Men’s ministry in the morning at 8:00. The question will be: what is the practical reality of “dealing with the world as though you had no dealings with it” (1 Cor 7:31). We’re usually better at the extremes: monastic avoidance or apathetic immersion. What does an authentic Christian solution look like?
This note is a continuation of two weeks ago on gender equality. You may want to go back and read that one. If you don’t have it in email it’s also on the CPC website.
I do have an argument regarding gender-equality I’d like to continue to advance for the next couple weeks, but here’s an interlude that I’m convinced is necessary. I doubt we know how much the culture of the world is in us. Francis Schaeffer once said something to the effect of, “tell me what the world is saying today and I’ll tell you what the Church will be saying in seven years.” It’s this that explains the Mainline denominational shift in views over the last 40 years on gender and sexuality issues. Despite endless warnings in the OT that the people of Israel should not co-opt Canaanite culture, and virtually identical warnings from Christ, Paul, and John that the “world” is a system of thought and action in conflict with the pattern of the Kingdom, Churches, and ministers love the favorable opinion of the world. I’ve watched ministers for years and they have a complicated attachment to being considered cool by non-believers. They are usually terrified that the world might consider them discriminatory, narrow, and ethically/intellectually unsophisticated. The gaze that many ministers feel most powerfully is not the Father’s, but that of the culturally hip non-believer.
Say it this way: when we know that the ancient and orthodox Christian positions on gender and sexuality are in radical conflict with that of the surrounding culture, are we genuinely prepared to walk with Jesus who is necessarily “outside the camp” (Heb. 13:13), to bear whatever reproach he calls us to bear? We may not really know. Do we have the kind of robust, expansive faith that will allow us to love those who call us discriminatory, hateful, and “phobic”? I hope so. Such was the love of Christ.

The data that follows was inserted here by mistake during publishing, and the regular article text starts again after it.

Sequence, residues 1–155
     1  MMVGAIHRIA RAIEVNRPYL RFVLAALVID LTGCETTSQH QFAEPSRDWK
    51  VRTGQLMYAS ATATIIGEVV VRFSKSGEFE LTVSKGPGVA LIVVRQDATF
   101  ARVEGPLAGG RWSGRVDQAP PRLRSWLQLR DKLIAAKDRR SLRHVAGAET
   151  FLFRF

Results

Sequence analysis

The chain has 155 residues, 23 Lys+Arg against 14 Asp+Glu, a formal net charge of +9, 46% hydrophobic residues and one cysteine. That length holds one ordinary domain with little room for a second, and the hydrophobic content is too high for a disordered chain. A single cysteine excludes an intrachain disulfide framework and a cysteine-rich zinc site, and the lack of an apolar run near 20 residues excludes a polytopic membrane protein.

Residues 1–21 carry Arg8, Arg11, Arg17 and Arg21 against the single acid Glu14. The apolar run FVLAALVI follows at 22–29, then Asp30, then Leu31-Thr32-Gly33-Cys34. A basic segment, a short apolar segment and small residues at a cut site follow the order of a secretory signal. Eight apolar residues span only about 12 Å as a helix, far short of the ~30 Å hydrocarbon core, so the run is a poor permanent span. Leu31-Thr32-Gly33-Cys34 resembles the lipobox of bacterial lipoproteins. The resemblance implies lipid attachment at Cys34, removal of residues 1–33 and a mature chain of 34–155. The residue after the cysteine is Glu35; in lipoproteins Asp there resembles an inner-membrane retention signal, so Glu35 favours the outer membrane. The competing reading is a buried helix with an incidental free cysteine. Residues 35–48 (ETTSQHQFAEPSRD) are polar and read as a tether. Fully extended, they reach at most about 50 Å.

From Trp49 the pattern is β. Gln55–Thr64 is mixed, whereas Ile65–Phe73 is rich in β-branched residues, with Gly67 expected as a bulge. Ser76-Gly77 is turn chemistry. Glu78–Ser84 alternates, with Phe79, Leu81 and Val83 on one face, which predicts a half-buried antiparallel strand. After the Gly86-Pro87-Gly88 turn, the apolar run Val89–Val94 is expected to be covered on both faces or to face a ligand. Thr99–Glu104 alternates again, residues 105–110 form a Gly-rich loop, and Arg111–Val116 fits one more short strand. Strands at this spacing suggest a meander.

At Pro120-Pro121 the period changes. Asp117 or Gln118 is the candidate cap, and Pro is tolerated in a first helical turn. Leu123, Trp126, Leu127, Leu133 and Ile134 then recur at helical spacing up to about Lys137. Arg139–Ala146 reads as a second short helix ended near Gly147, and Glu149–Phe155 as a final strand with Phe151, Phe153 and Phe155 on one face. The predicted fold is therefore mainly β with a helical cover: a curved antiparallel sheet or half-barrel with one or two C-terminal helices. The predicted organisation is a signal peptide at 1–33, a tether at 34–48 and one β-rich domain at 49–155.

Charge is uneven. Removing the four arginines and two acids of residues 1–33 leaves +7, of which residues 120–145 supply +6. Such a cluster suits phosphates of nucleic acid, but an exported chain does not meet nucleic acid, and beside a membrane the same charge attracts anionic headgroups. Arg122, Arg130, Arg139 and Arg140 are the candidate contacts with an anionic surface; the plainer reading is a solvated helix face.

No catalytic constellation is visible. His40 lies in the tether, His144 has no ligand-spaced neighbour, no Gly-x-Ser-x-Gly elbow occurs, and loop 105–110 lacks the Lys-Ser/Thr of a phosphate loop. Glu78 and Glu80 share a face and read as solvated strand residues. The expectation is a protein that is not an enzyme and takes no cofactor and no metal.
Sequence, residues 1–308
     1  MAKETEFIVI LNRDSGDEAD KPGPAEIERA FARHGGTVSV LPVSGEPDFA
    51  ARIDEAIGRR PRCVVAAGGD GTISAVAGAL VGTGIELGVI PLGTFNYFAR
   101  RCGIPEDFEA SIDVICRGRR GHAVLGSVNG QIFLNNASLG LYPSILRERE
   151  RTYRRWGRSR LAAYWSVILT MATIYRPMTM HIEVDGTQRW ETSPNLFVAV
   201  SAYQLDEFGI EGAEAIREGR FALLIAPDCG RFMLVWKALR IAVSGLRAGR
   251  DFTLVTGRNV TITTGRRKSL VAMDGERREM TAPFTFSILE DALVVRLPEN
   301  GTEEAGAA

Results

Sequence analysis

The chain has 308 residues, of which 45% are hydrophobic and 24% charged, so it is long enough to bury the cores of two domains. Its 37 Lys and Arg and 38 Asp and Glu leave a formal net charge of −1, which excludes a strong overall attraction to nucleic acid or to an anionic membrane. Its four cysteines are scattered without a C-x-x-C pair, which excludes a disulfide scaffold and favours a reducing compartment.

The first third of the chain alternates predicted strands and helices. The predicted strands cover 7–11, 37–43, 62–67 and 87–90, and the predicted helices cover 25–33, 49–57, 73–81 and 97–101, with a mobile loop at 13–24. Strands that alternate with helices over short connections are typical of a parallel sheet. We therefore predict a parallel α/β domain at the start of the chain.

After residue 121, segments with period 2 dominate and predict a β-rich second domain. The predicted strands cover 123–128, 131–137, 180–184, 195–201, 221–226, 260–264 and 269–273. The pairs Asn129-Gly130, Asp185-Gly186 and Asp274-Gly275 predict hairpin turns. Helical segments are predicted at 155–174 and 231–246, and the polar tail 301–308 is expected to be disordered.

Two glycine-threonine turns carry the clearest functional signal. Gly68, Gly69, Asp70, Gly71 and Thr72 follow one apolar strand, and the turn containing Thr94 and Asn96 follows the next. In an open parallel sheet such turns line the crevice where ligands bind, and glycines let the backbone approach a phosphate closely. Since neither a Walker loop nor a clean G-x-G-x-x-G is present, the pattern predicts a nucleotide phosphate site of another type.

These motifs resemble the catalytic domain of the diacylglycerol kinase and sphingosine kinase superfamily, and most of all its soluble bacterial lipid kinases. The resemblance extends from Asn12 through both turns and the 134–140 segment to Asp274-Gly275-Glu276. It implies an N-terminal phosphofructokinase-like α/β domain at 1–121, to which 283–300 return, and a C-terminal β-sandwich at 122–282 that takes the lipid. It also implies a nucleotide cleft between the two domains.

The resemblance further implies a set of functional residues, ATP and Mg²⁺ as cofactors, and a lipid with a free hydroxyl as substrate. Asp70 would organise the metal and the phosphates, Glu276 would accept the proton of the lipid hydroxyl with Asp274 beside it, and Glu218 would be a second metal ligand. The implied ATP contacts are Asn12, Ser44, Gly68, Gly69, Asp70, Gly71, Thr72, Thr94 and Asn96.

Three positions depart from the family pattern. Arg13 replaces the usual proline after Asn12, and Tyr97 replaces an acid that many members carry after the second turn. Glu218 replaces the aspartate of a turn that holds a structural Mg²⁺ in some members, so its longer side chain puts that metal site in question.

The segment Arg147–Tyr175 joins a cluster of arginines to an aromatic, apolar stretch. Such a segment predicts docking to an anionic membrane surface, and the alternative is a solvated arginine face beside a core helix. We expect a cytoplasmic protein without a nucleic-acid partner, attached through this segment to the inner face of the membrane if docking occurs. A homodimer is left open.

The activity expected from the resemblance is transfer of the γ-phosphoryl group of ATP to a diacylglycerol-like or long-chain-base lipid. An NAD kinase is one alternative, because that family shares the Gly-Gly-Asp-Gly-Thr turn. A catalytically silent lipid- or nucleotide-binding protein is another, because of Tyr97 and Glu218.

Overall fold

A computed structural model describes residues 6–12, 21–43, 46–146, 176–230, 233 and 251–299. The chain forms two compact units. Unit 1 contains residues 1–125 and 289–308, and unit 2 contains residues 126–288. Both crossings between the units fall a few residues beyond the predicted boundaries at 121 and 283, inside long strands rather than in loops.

Finally for this week — these thoughts have been rattling around in my head since having coffee with a couple of old friends several weeks back. I hadn’t seen them for maybe 15 years and there had been a change in their views. Now this is the tricky part, but let me say it this way. The Church is always moving toward being a merely human and natural institution. Listen carefully for it and, over time, you will hear her language shift from speaking plainly of God as a living being who is constantly moving in gracious action in our lives and world, to language that personifies virtues derived from God: mercy, compassion, grace, love and so on. Because the language is “biblical” we rarely notice the shift.
But the change is profound: we have moved from a place of being centered on God to being centered on values. The former is necessarily ordered by God himself, who is alive and in all we think and do. The latter is ordered by derived ethics that govern how we treat one another. At the center of the former is God; at the center of the latter is us. Once that shift occurs, or even begins, churches end up accommodating and appeasing other people. The highest and best ethical practices are not those that please God alone, but those that please other people. The modern church deals with this criticism by saying the two are the same thing. My point next week, or at least one way of seeing it, will be that the two are not the same: sometimes people are not pleased with what God deems best for them.